Inland Fishes of the Greater Southwest
478 pages, 8 1/2 x 11
47 color plate, 306 haltones, 6 tables
Paperback
Release Date:20 Jul 2016
ISBN:9780816534289
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Inland Fishes of the Greater Southwest

Chronicle of a Vanishing Biota

The University of Arizona Press
This comprehensive new book replaces and substantially expands upon the landmark Fishes of Arizona, which has been the authoritative source since it was first published in 1973. Inland Fishes of the Greater Southwest is a one-volume guide to native and non-native fishes of the lower Colorado River basin, downstream from the Grand Canyon, and of the northern tributaries of the Sea of Cortez in the United States and Mexico. In all, there are in-depth accounts of more than 165 species representing 30 families. The book is not limited to the fish. It provides insights into their aquatic world with information on topography, drainage relations, climate, geology, vegetational history, aquatic habitats, human-made water systems, and conservation. A section of the book is devoted to fish identification, with keys to native and non-native families as well as family keys to species. The book is illustrated with more than 120 black-and-white illustrations, 47 full-color plates of native fishes, and nearly 40 maps and figures.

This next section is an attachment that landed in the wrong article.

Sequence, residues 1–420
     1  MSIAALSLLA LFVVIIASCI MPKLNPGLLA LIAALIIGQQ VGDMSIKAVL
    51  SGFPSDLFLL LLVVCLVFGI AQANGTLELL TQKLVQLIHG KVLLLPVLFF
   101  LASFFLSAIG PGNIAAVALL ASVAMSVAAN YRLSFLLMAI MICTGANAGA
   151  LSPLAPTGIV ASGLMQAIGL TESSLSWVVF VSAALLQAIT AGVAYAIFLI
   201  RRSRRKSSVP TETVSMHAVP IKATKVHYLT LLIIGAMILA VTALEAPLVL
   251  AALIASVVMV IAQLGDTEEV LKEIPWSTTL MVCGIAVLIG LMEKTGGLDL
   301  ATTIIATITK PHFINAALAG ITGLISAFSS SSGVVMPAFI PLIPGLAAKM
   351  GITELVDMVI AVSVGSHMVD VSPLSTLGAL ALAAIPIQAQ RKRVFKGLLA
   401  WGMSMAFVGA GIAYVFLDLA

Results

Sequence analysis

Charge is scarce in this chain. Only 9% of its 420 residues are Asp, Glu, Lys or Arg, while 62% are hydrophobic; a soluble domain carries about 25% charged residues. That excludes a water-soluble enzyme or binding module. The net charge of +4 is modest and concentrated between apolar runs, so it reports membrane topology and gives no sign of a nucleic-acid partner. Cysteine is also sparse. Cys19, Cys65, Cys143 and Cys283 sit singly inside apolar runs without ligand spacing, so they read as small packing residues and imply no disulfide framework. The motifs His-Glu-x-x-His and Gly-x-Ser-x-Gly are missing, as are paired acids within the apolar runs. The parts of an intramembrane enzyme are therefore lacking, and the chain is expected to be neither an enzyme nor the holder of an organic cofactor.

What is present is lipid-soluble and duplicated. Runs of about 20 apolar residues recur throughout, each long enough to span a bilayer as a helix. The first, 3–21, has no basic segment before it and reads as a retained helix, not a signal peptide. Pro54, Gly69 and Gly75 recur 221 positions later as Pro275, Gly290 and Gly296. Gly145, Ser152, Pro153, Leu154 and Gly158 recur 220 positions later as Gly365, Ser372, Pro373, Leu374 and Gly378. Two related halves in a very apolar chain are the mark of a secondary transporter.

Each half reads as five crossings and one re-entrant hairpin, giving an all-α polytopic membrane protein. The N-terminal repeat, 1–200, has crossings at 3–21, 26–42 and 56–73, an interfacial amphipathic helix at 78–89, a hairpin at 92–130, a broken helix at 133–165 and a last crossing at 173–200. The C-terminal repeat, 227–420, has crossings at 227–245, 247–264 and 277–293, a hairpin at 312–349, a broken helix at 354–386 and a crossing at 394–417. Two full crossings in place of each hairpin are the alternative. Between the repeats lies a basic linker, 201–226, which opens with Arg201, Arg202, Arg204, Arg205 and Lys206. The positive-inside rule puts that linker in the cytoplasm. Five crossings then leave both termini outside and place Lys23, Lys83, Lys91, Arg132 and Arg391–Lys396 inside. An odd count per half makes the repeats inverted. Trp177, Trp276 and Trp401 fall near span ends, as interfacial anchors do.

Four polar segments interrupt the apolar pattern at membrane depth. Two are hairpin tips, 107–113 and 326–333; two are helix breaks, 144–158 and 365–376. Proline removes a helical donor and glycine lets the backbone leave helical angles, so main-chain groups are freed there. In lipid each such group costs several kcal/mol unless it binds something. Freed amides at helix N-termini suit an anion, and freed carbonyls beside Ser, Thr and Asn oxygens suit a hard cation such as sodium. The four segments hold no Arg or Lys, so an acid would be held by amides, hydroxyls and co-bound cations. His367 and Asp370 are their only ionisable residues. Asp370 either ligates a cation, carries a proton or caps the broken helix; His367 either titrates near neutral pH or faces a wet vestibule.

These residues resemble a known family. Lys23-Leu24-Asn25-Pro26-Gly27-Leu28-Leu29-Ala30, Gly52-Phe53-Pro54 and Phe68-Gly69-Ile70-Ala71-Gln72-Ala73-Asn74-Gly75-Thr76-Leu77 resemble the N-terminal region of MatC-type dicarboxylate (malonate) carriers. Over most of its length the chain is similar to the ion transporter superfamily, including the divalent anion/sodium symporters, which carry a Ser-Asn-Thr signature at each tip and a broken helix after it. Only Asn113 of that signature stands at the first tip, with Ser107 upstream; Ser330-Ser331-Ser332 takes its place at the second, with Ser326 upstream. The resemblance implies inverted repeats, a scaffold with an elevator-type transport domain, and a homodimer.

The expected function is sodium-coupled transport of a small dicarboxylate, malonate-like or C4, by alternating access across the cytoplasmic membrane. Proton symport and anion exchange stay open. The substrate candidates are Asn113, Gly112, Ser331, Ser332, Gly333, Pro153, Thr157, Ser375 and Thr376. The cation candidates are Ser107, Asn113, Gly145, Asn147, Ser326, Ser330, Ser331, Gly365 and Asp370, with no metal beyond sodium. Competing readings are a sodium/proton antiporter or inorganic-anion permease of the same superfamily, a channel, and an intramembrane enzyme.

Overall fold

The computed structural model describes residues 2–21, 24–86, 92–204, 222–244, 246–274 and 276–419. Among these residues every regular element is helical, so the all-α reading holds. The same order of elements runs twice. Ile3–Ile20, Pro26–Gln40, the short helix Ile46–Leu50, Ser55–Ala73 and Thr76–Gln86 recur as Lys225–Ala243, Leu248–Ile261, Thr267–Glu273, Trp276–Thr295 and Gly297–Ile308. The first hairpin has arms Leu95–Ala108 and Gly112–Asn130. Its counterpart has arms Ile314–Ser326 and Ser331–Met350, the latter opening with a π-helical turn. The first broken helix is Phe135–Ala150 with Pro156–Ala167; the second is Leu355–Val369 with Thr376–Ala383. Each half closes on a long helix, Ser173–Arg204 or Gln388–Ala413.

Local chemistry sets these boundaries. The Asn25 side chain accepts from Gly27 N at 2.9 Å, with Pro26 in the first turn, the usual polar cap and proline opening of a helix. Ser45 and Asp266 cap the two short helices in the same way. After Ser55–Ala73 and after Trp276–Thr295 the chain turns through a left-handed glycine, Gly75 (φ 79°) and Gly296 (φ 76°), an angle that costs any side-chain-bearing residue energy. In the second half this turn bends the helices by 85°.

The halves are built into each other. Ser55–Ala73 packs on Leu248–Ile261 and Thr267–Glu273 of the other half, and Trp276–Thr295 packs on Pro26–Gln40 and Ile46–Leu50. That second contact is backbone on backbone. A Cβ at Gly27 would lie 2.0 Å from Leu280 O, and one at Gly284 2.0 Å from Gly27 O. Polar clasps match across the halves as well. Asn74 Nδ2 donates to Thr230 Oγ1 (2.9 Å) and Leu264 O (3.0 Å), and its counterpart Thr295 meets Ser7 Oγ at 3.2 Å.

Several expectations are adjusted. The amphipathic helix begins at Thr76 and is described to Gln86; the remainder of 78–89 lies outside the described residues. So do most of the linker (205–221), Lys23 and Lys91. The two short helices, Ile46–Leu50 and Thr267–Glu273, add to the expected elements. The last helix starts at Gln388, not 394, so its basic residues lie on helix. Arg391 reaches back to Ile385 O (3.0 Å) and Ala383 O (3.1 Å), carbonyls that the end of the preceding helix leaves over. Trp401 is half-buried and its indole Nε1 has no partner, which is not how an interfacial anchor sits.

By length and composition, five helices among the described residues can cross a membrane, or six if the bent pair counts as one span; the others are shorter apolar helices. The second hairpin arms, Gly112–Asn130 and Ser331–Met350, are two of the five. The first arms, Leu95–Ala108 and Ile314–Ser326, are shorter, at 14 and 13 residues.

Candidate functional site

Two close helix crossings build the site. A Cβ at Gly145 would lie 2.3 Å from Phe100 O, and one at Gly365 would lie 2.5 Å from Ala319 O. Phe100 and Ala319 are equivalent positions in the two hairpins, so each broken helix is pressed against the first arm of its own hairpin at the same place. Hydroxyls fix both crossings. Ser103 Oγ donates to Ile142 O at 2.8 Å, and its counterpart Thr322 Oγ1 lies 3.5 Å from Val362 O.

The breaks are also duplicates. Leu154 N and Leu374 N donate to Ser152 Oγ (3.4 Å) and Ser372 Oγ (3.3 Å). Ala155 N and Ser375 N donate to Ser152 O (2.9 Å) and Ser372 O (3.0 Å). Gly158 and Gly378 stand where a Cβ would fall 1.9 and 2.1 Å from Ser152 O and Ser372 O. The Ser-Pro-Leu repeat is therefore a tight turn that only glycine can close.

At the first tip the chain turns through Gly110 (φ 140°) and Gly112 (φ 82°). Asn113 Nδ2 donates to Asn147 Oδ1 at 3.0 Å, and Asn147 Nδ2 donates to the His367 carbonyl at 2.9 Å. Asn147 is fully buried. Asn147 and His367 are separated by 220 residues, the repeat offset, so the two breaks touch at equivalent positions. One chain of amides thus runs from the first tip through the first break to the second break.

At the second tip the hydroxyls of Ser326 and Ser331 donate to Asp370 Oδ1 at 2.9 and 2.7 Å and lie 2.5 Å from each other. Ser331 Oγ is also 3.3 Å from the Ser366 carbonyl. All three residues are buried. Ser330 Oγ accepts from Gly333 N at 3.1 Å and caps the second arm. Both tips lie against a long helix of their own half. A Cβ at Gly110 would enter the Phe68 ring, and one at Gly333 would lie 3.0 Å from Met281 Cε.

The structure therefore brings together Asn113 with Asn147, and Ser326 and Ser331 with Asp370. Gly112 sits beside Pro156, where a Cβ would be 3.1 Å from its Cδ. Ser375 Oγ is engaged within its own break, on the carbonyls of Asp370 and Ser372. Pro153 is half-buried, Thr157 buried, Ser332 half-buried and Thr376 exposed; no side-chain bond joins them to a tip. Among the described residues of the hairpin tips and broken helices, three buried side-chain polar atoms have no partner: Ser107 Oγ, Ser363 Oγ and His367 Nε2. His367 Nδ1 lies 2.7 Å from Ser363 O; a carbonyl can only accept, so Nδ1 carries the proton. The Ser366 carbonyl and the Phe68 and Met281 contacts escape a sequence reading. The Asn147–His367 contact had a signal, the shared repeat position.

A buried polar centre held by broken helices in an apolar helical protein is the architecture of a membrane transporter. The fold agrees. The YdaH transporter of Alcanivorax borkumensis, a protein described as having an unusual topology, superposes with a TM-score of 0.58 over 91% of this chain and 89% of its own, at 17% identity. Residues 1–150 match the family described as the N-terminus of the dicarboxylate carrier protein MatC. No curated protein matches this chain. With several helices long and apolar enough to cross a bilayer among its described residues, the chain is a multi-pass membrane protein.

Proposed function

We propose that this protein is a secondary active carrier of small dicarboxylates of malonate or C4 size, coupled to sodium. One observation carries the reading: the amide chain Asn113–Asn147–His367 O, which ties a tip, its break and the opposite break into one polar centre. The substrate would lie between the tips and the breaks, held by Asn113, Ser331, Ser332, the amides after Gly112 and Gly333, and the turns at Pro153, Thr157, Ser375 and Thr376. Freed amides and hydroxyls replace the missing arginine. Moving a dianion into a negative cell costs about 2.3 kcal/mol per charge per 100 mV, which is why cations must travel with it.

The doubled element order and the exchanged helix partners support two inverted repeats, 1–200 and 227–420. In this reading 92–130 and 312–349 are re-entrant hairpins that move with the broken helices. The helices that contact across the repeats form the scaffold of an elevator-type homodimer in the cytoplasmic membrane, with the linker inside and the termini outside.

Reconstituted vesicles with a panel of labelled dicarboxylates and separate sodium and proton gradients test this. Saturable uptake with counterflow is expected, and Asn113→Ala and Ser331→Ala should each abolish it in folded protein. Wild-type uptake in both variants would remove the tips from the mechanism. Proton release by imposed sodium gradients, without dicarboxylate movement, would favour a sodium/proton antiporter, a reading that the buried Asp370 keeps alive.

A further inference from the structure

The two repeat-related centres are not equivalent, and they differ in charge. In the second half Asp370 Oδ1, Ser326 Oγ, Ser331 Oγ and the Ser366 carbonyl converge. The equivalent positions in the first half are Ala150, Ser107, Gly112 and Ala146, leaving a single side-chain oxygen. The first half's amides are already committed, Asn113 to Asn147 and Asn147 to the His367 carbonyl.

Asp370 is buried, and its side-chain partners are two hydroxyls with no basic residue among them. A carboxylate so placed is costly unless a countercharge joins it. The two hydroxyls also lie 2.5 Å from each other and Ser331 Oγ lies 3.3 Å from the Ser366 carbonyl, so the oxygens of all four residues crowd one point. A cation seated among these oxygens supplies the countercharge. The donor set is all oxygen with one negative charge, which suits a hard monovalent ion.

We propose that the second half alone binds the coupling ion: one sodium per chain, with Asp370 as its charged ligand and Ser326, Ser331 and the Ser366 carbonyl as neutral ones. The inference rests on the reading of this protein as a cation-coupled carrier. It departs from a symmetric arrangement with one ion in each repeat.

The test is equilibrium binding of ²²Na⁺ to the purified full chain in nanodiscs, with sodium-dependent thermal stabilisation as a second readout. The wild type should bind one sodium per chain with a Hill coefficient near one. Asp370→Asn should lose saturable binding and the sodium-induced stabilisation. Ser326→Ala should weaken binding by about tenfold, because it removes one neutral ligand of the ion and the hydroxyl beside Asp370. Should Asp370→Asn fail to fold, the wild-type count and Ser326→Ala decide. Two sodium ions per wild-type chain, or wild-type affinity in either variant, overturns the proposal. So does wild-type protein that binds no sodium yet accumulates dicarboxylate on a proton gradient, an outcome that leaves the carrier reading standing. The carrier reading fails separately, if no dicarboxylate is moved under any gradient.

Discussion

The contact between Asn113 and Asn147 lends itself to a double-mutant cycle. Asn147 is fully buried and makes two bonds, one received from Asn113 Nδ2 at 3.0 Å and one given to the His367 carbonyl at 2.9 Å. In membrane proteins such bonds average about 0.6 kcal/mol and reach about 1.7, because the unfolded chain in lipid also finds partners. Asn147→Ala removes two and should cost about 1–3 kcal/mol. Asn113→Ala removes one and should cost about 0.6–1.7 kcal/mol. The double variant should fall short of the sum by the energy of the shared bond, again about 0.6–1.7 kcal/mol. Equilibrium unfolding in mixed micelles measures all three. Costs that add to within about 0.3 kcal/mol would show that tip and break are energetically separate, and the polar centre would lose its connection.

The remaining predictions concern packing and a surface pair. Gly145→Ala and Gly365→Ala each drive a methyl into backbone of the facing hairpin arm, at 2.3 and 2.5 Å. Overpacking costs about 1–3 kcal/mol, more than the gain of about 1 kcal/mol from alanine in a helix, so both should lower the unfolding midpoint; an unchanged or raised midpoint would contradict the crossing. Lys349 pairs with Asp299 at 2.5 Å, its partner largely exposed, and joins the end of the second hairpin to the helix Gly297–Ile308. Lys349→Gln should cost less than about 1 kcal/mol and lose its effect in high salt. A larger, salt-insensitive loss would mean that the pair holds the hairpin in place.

Many native fish species are unique to the Southwest. They possess interesting and unusual adaptations to the challenges of the region, able to survive silt-laden floods as well as extreme water temperatures and highly fluctuating water flows ranging from very low levels to flash floods. However, in spite of being well-adapted, many of the fish described here are threatened or endangered, often due to the acts of humans who have altered the natural habitat. For that reason, Inland Fishes of the Greater Southwest presents a vast amount of information about the ecological relationships between the fishes it describes and their environments, paying particular attention to the ways in which human interactions have modified aquatic ecosystems—and to how humans might work to ensure the survival of rapidly disappearing native species.
W. L. Minckley joined the faculty of Arizona State University in 1963. At the time of his death in 2001, he was Emeritus Professor of Biology. He was author, co-author, or editor of several books, including Freshwater Fishes of Mexico, and he contributed to more than 200 journal articles and book chapters. Paul C. Marsh is a retired Faculty Research Associate in the School of Life Sciences at Arizona State University and a recognized authority on fishes of the American Southwest.
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